5) If you withdraw the investment returns that you made on your money, you will be taxed as if you earned the money as income, plus an additional 20% penalty.  (This is a very unlikely scenario.)

Questrade Margin and Non-Registered Account

First of all - kudos to you for maxing out your Questrade RRSP and TFSA accounts!  If you haven’t done that yet, you can probably keep life simple and skip this part of our Questrade review.

Once you have contributed the maximum amount to your RRSP and TFSA accounts, and (if you’ve got children) the Questrade Family RESP is on autopilot, your next step becomes a good news - bad news situation.

The good news is that you are in great financial shape, and there are options available for continued investing.

The bad news is that there is no more space under your tax-sheltered registered account umbrella.  From here on out, you will be investing in the rain, and the tax man will get his chunk.

So, while there are semi-exotic accounts one could open if they want to exchange foreign currency or invest within a corporation, the option most people will opt for is a Questrade Margin Account.

The Questrade Margin Account is a fancy name for a basic non-registered account, with the added feature of being able to borrow money from Questrade and invest that money alongside your own.  When you borrow money to invest it, this is called “investing on the margin”.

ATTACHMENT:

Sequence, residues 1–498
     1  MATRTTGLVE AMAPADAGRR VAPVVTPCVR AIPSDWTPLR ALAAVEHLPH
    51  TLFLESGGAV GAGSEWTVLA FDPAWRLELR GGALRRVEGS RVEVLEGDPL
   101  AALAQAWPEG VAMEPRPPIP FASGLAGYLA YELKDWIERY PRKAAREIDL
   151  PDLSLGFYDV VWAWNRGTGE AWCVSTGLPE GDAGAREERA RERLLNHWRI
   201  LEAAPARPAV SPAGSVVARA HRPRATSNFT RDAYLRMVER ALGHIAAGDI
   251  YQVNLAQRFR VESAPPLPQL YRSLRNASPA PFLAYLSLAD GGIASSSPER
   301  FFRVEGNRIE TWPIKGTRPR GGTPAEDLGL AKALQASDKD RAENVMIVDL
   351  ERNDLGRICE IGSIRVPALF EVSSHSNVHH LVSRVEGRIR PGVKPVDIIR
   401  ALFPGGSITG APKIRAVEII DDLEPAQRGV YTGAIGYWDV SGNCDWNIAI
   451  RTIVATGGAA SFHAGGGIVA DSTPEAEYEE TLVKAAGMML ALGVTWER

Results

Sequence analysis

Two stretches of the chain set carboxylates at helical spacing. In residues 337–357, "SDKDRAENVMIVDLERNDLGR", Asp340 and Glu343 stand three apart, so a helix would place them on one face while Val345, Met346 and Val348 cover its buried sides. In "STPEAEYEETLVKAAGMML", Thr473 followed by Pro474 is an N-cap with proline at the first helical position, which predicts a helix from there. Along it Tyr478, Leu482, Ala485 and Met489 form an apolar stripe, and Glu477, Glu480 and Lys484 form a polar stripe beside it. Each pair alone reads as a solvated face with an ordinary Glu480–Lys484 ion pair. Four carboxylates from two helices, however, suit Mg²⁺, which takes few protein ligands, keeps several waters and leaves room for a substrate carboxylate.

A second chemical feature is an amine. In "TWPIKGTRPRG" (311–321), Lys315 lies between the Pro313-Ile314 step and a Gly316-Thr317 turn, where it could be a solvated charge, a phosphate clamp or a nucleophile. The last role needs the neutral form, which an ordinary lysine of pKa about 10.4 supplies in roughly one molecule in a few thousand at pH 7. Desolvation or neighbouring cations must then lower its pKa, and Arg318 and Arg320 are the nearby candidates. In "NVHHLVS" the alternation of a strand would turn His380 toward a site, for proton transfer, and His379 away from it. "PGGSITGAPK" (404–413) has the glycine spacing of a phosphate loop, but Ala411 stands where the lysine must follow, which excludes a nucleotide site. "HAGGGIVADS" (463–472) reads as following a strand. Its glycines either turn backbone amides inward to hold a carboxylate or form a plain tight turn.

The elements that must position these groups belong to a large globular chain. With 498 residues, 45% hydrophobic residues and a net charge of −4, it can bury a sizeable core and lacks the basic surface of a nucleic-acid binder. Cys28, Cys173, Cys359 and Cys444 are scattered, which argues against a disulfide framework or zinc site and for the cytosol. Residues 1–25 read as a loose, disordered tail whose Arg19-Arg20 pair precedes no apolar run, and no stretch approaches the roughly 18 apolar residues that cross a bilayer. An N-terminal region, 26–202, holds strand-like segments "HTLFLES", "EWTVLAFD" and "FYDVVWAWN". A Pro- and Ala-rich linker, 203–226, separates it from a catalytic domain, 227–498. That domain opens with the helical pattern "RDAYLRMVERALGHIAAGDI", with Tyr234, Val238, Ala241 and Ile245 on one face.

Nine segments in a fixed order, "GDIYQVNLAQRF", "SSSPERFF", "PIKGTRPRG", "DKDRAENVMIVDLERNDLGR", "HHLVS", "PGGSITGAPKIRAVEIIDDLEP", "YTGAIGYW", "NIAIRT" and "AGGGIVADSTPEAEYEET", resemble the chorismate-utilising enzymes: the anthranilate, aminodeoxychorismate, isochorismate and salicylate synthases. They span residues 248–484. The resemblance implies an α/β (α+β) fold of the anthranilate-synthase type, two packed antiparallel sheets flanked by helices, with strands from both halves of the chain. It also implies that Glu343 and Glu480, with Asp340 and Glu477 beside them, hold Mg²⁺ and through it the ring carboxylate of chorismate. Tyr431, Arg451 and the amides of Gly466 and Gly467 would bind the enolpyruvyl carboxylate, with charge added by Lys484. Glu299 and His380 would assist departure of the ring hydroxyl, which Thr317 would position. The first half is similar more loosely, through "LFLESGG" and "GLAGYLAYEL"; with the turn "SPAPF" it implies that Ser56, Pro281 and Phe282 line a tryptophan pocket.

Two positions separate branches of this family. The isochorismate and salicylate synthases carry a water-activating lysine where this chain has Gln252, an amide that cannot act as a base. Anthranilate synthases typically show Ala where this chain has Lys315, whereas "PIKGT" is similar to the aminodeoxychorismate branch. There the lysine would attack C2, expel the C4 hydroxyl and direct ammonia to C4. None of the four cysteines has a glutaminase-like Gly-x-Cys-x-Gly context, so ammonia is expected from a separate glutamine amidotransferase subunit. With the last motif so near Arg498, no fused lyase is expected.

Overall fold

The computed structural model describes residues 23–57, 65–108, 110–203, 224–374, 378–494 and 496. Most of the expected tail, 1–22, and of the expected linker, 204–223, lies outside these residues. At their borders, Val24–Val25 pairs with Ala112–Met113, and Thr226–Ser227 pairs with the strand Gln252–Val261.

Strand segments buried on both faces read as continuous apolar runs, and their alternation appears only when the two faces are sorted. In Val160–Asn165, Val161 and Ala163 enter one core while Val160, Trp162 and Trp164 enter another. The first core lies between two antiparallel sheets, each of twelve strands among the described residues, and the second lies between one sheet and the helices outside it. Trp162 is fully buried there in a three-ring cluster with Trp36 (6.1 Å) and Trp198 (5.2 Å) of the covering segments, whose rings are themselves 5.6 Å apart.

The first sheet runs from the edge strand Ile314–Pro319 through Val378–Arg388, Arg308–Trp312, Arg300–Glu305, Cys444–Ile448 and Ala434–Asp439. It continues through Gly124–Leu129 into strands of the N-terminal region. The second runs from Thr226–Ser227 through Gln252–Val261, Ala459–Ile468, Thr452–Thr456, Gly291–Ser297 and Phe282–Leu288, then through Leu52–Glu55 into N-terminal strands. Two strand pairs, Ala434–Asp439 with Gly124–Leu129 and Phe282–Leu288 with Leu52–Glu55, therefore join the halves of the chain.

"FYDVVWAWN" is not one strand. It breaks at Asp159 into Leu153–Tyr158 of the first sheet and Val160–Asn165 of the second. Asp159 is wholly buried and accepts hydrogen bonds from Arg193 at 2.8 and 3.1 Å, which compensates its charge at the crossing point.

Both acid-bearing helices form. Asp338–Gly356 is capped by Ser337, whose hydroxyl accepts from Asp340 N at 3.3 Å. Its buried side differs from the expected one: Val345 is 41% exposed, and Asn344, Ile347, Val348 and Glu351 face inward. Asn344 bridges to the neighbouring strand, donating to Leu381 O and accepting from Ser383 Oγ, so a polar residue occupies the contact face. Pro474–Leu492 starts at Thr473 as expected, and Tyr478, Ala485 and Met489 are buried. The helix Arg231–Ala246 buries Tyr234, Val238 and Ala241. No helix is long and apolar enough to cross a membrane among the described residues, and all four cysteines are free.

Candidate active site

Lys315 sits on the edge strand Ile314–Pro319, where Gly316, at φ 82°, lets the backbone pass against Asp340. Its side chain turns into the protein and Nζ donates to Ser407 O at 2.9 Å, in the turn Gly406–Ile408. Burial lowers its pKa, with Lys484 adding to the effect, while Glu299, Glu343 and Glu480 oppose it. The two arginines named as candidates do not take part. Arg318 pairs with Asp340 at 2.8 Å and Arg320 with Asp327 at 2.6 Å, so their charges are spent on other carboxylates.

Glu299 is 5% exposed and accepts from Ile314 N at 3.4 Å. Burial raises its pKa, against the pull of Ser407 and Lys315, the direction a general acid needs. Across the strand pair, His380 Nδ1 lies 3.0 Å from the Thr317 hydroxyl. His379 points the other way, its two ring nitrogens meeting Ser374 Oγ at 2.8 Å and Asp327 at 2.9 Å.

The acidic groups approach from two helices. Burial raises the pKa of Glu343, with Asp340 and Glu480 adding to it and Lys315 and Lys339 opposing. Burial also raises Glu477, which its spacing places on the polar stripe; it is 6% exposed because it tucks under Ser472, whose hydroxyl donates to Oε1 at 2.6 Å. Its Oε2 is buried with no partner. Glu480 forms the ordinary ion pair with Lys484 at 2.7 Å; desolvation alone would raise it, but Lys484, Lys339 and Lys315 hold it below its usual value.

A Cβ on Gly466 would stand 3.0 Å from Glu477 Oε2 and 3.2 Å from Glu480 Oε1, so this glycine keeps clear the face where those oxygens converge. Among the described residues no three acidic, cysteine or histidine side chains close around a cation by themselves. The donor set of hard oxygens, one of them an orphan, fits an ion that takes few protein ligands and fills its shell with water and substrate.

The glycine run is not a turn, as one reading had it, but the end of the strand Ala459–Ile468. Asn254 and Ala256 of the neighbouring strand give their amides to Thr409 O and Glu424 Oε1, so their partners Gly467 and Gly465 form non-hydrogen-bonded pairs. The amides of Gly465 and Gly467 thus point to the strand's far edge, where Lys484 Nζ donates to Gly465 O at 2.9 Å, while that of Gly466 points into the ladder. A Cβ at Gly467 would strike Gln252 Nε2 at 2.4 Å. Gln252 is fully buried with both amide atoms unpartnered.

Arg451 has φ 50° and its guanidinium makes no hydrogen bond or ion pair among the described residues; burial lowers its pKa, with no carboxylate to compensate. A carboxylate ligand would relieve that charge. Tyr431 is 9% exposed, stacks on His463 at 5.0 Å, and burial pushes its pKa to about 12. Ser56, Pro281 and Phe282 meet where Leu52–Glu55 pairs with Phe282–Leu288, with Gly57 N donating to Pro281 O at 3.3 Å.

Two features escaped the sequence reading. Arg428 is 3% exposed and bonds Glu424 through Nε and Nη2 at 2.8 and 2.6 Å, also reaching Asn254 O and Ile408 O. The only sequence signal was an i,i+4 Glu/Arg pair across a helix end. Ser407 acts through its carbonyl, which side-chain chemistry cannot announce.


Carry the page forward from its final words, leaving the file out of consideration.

Now, I don’t recommend investing on the margin unless you really really know what you’re doing, and even then it often isn’t a good idea.  The main takeaway from this though, should be that YOU DO NOT HAVE TO BORROW MONEY to invest within a Questrade Margin Account. Most everyday investors in Canada will be best served by using this account to invest in Canadian-dividend payers (my Smith Maneuver account for example) or other Canada-based ETFs.

You can however, put almost any kind of investment in a Questrade Margin account.  Here’s a few more quick Questrade review facts about the non-registered option:

  • You can invest in short-selling (watch the Big Short to have Margot Robbie in a bathtub telling you what this means)
  • There are no contribution limits to worry about like there are with the Questrade RRSP, TFSA, and RESP accounts.
  • Investment returns inside an unregistered account are still treated much nicer than income you make from a job.  Capital gains and dividends are eligible for special tax treatment in Canada.
  • There are no taxes to worry about upon withdrawal like there are in a RRSP.
  • You can engage in complex options trading (again, not my thing).
  • Questrade Margin accounts are governed by margin falls.  This part is important: If you borrow money from Questrade, and the investment drops below the margin requirement, Questrade will essentially demand that you pay them their money back.  If you don’t immediately pay them back, Questrade can sell your investments and take the money in lieu of your payment.